In mid-1976, Velasco and his team in the Coal Task Force went to Semirara Island, then known to have substantial coal resources, but due to bad weather the team could not land in Semirara. They ended up in Bulalacao, Oriental Mindoro, a town immediately South of Mansalay. Mr. George A. Scholey, Executive Vice President and my immediate boss, who was a mining engineer and also a pilot, then fetched Velasco and his team by helicopter to show them our barite operations. Velasco was after all also Chairman and President of PNOC, our major customer. I was introduced to Velasco and his team and I thought I did a good job of briefing them on our mining and processing operations, as PNOC continued to buy our barite product.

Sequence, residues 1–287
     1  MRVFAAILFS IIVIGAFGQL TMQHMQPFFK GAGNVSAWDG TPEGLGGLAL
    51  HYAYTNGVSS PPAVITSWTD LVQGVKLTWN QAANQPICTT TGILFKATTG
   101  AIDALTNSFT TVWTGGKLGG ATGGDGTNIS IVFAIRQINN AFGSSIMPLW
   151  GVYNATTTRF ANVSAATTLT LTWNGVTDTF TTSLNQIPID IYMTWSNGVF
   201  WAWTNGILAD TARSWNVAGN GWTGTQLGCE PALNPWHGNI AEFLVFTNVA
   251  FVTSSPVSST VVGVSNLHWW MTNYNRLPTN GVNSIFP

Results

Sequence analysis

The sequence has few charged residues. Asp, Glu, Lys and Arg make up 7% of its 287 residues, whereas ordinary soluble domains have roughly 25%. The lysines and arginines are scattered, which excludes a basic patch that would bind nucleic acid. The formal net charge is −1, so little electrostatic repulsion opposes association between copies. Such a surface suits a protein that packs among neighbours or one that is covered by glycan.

Little did I know that a month later I would be asked to come to Manila to be interviewed by officials of the EDB, including Velasco himself, for a management position in the EDB. I was initially hesitant and was asking myself why I should I join the government, where compensation was very low, when I was already some sort of king of the mountain in Mindoro. Velasco himself, however, said I would not be hired as a government employee, but as a Manager in Petrophil Corporation (now Petron Corporation) and then seconded to the EDB. I was then offered a compensation and benefit package that was much better than what I was getting in the mining industry. With such an offer and considering that my joining EDB would enable me to have more time with my family, I accepted the position of EDB Development and Production Manager.